There is still much to do -- millions of lives to save and people to make healthy. Bill Gates believes his beloved downward red line can dip below "well below a million" in his lifetime, and we agree.
Since 2010, a landfill fire has been moving toward 8,700 tons of unlined illegally dumped radioactive waste in Bridgeton, Missouri. The site is in the middle of working-class neighborhoods, right next to the Saint Louis airport, and near a hospital, schools and a great number of businesses.
As Vice President of Microsoft's U.S. Small-and-Midsized Business group, Cindy Bates leads the company's efforts to help SMBs realize their full poten...
You'd think that that public television would support public education, but you'd be wrong. The Public Broadcasting System (PBS) has gotten in bed with the billionaires and conservatives who want to privatize our public schools.
In this video, Diane Ravitch and I talk about the problem with charter schools being run by billionaires, celebrities and individuals with no experience in education; the fact that taxpayers are increasingly funding religious schools and why hedge-fund managers see education as an emerging market.
They can purchase publicity. They can offer talking points. But they cannot back their diehard delivery with evidence that the Common Core does anything other than divest American public education of its democratically-protected autonomy.
The impact of Bloomberg, Gates, Bush, and Obama policies on school segregation can be seen in the New York City neighborhoods of Harlem and Central Brooklyn. Since 2000, demographics in central Harlem have shifted dramatically.
Just as the top college basketball teams are competing their way towards the April 7 National Championship Game, so are high schools seniors as they learn which colleges have accepted, waitlisted or rejected them.
At first glance, capitalism circa 2014 looks like a pretty soulless endeavor: massive piles of fast money, no wider context of conscience involved. Ju...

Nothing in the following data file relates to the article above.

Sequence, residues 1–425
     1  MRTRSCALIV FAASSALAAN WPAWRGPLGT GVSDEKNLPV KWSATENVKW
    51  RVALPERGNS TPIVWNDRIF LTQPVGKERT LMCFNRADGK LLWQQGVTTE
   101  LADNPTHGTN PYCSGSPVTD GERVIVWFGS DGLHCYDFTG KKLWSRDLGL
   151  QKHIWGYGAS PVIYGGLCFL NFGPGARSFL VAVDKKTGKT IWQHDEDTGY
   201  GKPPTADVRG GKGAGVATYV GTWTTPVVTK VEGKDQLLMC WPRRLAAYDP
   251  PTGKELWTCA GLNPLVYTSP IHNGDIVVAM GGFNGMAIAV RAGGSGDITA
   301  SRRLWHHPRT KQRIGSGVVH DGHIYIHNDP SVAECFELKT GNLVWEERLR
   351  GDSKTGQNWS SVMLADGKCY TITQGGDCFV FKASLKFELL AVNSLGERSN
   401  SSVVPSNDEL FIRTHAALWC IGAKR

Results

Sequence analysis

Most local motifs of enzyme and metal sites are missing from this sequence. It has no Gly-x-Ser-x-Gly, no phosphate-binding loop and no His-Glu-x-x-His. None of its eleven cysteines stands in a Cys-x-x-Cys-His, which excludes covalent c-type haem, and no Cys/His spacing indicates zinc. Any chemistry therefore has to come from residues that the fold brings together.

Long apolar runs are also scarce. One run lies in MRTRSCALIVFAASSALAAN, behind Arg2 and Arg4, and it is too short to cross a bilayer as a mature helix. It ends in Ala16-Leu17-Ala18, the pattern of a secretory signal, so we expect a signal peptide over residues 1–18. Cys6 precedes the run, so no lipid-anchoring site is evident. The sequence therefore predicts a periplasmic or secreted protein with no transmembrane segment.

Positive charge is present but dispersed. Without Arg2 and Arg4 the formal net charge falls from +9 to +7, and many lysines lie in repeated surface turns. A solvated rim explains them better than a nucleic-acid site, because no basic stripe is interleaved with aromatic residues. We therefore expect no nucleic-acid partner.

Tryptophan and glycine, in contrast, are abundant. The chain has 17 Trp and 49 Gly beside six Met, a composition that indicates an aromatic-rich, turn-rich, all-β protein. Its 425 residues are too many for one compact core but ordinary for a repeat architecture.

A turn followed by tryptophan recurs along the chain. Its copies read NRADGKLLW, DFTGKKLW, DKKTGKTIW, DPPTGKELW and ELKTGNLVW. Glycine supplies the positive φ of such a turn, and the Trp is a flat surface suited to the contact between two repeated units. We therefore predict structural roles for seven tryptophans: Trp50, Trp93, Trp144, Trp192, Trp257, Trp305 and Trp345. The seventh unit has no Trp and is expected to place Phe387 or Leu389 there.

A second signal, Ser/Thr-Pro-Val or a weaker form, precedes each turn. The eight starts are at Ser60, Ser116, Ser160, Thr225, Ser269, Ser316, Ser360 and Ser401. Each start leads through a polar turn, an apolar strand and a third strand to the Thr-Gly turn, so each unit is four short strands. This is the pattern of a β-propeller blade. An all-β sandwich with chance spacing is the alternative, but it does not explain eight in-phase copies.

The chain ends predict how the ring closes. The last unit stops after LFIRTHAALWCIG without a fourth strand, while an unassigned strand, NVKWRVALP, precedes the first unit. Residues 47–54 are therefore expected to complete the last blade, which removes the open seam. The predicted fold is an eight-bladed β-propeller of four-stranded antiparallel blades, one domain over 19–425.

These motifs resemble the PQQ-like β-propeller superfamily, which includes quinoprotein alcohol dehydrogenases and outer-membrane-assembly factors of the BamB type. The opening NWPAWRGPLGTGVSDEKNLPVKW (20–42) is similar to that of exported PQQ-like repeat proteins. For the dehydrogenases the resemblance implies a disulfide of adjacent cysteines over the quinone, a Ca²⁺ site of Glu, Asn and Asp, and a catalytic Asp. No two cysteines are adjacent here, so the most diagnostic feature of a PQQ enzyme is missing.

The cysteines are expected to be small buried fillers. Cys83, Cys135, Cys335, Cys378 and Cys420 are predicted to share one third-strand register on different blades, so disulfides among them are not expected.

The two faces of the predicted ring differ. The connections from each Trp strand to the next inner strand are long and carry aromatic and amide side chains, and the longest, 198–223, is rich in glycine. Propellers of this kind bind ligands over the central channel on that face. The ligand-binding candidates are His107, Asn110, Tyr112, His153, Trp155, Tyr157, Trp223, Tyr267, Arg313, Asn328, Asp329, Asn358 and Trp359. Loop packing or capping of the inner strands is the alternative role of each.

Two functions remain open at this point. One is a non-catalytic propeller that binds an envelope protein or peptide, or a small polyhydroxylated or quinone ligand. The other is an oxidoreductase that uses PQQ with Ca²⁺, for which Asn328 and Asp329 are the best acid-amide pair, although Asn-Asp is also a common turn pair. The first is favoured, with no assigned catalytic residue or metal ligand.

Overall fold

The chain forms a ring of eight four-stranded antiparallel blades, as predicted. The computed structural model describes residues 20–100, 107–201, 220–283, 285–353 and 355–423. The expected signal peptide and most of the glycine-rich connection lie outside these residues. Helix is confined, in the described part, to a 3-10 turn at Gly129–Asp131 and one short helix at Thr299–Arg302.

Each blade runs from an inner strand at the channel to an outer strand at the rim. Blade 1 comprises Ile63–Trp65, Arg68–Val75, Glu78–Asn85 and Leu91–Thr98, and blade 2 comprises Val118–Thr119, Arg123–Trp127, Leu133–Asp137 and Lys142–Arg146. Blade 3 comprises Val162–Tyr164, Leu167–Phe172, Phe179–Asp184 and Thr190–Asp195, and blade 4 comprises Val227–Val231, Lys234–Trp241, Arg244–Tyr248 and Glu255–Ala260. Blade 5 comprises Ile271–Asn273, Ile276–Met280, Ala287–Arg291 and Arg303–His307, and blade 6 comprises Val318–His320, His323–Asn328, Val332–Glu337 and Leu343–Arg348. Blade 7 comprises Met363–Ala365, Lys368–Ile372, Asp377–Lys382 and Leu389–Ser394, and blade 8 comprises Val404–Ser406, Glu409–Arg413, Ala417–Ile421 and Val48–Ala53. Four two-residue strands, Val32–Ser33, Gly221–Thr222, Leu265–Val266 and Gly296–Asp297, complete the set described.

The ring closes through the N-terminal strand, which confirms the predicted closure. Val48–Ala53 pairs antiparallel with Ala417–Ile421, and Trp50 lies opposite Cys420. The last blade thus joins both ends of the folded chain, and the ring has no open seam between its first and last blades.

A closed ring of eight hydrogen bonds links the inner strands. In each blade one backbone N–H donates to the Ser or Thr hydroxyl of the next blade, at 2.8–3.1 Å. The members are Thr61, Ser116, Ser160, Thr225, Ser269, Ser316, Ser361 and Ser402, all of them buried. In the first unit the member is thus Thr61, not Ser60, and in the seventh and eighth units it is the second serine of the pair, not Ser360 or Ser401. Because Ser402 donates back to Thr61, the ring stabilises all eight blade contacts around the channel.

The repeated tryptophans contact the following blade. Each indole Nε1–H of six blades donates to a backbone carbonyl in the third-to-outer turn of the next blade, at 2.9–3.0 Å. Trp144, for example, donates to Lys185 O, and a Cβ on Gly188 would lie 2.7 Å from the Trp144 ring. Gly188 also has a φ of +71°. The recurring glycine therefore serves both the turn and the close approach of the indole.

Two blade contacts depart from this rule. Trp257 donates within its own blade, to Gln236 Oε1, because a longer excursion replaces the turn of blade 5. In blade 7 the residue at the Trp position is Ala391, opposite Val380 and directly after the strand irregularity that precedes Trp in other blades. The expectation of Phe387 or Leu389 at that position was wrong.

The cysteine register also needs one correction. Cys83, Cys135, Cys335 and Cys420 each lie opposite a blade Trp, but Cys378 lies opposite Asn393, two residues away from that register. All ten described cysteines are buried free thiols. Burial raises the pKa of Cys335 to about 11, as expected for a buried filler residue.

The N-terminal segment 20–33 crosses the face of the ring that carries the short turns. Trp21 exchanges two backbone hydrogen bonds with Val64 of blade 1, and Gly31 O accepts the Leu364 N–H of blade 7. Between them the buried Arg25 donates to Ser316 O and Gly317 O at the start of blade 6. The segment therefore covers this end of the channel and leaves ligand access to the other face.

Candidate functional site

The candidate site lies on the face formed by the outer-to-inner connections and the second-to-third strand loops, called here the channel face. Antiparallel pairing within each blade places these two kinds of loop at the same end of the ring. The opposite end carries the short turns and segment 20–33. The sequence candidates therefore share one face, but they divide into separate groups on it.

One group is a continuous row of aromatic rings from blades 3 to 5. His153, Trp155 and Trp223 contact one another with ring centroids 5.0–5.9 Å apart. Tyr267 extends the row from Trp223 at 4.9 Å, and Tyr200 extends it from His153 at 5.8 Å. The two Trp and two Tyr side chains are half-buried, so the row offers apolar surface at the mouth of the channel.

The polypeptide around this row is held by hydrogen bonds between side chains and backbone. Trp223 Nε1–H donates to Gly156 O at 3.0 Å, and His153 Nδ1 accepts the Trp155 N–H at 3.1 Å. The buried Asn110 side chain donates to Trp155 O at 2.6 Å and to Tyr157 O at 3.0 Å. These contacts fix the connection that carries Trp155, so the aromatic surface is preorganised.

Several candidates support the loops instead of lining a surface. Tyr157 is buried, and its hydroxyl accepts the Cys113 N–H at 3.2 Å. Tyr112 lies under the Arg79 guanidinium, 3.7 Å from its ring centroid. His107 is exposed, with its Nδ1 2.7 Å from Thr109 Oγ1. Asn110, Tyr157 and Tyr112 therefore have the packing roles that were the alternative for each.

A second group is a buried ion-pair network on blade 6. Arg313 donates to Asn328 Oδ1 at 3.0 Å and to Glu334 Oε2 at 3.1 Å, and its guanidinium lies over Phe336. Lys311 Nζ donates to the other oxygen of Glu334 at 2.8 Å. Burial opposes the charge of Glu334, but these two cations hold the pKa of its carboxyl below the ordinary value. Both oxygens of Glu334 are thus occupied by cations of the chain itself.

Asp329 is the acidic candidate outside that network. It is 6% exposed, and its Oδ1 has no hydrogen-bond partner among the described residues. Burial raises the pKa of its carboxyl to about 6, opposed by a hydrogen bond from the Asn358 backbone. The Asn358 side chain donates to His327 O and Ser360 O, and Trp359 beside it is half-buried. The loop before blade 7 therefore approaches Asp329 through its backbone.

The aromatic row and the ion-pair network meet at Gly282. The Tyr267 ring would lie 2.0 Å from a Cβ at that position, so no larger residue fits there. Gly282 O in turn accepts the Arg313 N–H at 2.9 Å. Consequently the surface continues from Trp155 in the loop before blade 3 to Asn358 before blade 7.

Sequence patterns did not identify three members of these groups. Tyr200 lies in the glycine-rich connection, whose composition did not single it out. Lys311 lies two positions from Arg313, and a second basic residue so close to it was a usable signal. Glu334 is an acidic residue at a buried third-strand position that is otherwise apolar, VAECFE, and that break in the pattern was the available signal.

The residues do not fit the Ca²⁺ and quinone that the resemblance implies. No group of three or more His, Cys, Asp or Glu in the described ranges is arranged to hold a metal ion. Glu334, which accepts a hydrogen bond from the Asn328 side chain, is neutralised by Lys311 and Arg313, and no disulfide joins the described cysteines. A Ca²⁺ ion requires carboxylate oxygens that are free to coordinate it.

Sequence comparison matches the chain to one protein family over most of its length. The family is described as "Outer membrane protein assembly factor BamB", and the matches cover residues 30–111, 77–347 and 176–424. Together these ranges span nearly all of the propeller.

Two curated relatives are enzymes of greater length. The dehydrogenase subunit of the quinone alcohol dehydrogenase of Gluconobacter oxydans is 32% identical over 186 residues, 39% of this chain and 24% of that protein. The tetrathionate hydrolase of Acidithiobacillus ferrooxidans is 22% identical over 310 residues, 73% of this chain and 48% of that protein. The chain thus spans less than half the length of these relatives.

I have seen, first-hand the potential that is unleashed in an individual with a renewed sense of health and hope.
Across the nation, parents and educators are raising objections to the Common Core standards, and many states are reconsidering whether to abandon them and the federally-funded tests that accompany them.
Maybe the error lies not in too much intervention to boost wages, but in assuming a healthy economy is possible without such corrective action. Maybe we can provide living wages and decent benefits and still thrive economically. Maybe Bill Gates and Warren Buffett are wrong.
Speaking to a largely conservative audience at the American Enterprise Institute this week, Microsoft magnate Bill Gates defended the new Common Core ...
It is important that we, as adults, remember to help students see that they can succeed and be happy at many colleges. As they wait for and learn which colleges have accepted them, we need to help them see the powerful of the options they do and will have.
The bottom line is that no proponent of CCSS has any solid proof of its efficacy, Bill Gates and his billions included.
What our schools don't need is more bureaucracy from outside interests. The children of millionaires and billionaires attend private schools with small class sizes and fully staffed campuses. Why is it that what's good enough for the children of millionaires and billionaires isn't good enough for all students?